The Anti-Drug Abuse Act

President Ronald Reagan signs the Anti-Drug Abuse Act into law. The new law, which amended the Controlled Substances Act, enabled analogous drugs, like crack cocaine, to be treated as Schedule I substances. This category is a Drug Enforcement Administration designation for chemicals that have no medical value and are highly addictive. The law also introduced mandatory minimums sentences for drug trafficking, but not all substances were treated equally. Five grams of crack cocaine warranted a harsh minimum sentence while 500 grams of powder cocaine was needed to warrant the same sentence. Many claim that this act further exacerbated the disproportionate increase of blacks and Latinos in prison. For the first time in history, black people outnumbered white people in prison.

Credit: flickr/Marion Doss

In New York, the City Health Department piloted its first needle exchange program, designed to help stop the spread of HIV/AIDS. The program provided injection drug users access to new hypodermic needles. More than half of the city’s 200,000 injection drug users were believed to be infected by the HIV, according to the city’s Department of Health.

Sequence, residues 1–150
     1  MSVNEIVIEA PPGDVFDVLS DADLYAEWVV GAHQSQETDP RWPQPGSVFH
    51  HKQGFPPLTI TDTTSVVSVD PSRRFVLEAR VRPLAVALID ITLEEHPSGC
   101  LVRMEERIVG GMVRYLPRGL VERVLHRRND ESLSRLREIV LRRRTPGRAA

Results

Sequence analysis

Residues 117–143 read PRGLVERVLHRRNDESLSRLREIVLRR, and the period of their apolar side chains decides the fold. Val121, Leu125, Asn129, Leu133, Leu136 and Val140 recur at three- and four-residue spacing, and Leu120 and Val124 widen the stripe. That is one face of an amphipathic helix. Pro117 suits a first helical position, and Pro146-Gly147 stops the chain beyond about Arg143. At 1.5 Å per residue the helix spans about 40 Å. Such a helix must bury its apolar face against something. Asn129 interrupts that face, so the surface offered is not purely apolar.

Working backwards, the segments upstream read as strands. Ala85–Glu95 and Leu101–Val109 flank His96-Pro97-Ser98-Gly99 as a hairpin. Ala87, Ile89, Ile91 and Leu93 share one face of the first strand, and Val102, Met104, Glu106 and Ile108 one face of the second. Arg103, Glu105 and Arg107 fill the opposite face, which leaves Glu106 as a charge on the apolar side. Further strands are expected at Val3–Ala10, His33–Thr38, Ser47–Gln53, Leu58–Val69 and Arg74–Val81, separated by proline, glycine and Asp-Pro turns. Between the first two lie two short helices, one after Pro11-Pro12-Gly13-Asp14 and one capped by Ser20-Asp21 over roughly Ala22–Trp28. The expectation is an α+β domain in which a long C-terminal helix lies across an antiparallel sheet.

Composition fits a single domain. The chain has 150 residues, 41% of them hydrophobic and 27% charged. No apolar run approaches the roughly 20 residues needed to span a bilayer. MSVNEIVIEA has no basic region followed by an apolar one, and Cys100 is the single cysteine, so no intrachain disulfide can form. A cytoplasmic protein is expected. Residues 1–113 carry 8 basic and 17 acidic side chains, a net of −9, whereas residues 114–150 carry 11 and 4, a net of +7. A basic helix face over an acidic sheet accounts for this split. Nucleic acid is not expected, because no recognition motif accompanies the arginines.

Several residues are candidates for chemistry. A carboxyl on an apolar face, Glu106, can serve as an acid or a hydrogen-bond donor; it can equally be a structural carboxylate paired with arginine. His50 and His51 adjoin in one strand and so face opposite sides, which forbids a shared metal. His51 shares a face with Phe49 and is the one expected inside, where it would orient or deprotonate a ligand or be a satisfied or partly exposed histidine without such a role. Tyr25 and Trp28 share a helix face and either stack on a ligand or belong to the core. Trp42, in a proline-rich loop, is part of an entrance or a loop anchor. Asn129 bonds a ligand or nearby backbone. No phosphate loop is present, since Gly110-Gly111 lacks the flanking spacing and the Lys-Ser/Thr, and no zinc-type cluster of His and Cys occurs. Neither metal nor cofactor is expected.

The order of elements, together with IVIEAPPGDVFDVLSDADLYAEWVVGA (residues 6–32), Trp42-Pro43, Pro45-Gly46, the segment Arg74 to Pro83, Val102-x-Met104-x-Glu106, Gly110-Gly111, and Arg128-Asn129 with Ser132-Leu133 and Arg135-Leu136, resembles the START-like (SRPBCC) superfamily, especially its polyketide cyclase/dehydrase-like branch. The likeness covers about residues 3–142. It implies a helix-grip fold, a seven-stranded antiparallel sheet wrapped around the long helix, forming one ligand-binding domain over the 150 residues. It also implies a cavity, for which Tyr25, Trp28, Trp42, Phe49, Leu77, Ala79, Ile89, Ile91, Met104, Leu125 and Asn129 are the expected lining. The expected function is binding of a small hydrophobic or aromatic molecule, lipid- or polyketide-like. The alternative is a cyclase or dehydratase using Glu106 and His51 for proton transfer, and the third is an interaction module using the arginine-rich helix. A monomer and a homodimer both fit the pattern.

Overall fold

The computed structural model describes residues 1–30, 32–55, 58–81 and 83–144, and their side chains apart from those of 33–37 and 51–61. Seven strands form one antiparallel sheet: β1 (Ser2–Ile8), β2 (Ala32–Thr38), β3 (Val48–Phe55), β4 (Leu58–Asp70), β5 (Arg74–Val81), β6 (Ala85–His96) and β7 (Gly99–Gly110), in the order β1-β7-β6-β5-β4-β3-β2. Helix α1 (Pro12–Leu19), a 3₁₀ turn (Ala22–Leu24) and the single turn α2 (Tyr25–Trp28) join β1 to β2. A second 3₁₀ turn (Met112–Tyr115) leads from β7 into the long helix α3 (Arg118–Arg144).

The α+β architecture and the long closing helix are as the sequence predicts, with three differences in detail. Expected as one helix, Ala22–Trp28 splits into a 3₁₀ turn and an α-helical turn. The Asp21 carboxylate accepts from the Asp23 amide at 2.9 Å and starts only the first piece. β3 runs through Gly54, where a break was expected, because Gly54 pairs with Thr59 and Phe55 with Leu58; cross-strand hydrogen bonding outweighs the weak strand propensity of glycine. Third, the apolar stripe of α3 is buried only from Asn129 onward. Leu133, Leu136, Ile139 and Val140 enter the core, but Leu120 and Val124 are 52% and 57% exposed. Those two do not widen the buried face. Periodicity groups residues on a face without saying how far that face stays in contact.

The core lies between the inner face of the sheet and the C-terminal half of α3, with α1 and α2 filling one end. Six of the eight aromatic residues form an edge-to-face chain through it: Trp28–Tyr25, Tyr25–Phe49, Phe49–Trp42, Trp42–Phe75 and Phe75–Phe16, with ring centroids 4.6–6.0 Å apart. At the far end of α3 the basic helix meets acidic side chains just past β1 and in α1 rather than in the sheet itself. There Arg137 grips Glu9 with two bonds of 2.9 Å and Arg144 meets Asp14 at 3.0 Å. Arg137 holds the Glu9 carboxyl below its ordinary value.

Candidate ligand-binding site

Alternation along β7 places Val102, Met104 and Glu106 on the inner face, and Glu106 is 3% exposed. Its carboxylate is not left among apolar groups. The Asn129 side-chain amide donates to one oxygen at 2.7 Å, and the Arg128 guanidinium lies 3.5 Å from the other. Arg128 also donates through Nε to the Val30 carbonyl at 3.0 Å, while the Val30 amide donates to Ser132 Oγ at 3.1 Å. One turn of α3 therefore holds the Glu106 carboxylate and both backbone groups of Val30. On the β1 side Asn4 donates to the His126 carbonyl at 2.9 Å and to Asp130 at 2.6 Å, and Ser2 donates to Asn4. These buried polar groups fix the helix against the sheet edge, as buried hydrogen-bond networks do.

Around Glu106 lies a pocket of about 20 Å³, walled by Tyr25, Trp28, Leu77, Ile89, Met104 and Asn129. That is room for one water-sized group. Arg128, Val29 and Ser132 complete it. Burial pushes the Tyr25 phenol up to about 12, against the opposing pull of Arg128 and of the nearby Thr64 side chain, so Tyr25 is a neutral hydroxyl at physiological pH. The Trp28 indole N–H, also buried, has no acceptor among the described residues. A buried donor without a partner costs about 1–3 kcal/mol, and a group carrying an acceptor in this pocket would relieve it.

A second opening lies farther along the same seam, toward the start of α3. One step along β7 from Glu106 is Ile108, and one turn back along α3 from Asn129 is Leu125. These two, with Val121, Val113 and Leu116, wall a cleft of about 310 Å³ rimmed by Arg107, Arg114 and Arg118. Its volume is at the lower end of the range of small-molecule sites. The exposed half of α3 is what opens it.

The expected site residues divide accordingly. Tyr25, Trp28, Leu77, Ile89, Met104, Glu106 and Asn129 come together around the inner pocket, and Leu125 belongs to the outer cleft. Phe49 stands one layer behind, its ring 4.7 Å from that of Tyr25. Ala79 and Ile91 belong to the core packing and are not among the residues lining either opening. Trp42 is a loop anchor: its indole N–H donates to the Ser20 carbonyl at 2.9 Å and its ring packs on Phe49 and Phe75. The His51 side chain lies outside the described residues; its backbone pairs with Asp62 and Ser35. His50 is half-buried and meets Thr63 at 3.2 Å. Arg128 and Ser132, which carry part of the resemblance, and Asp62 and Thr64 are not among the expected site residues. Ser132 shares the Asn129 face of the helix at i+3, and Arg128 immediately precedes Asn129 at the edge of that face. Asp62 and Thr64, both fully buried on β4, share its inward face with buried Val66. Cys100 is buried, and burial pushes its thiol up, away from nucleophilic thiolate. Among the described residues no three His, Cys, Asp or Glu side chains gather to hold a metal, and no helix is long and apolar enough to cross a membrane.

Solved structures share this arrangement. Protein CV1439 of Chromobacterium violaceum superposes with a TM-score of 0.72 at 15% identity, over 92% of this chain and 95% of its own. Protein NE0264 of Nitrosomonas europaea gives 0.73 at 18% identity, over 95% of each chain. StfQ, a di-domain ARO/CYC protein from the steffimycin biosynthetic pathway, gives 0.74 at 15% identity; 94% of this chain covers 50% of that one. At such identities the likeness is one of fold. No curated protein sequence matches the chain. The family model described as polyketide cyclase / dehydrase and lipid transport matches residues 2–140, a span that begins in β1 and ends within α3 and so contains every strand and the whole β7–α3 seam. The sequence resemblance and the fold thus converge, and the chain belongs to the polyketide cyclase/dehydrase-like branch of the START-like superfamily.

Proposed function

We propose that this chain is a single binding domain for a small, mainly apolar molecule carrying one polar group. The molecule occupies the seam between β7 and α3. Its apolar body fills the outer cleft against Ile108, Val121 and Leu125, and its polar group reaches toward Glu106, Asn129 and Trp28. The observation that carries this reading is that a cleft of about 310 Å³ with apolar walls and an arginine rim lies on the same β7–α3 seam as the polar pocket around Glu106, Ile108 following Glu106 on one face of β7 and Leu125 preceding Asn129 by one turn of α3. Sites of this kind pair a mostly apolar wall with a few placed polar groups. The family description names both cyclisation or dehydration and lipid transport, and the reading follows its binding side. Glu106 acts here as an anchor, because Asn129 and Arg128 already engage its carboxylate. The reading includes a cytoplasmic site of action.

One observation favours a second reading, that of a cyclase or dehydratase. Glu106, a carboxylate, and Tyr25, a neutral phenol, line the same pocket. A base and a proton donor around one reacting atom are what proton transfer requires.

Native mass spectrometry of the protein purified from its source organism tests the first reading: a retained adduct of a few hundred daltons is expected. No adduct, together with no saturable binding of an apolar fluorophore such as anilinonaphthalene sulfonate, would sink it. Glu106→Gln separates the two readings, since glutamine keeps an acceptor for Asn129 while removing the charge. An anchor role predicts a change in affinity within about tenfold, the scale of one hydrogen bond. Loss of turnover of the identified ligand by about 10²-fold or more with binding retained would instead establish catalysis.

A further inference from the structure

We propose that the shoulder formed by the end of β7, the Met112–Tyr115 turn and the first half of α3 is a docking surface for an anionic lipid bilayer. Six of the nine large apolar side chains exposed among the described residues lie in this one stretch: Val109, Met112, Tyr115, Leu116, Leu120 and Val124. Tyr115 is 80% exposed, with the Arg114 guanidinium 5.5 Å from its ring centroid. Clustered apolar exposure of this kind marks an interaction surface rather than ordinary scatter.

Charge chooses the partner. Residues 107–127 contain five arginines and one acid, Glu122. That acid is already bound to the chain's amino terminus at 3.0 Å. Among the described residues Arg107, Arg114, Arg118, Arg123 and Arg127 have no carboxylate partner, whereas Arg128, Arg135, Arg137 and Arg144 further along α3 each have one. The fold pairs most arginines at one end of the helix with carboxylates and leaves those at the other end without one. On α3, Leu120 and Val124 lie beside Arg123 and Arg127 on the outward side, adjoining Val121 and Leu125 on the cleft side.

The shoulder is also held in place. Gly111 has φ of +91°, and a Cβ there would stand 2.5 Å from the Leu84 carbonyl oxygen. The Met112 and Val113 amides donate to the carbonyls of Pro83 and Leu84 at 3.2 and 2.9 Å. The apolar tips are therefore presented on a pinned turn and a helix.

80's NYC Arrest Data

80's Retrospective

Giuliani's Broken Windows Policing

In New York City, Mayor Rudy Giuliani took a zero-tolerance approach to dealing with crime. The approach was bolstered by the so-called broken windows theory, in which small crimes are punished to deter larger offenses. In 1994, Police Commissioner William Bratton employed a broken windows approach, encouraging strict and aggressive enforcement of all laws. The crime rate decreased, but the number of citizen complaints filed with the Civilian Complaint Review Board increased.

In 1992, New York City approved the first four clean needle exchange sites.

Credit: flickr/Gage Skidmore Early 1990's

Portraits of Addiction

Jimmie Orr: Meth

"I got lost in that place that crystal can take you to."

Read more 1991

Clinton's Violent Crime Control and Law Enforcement Act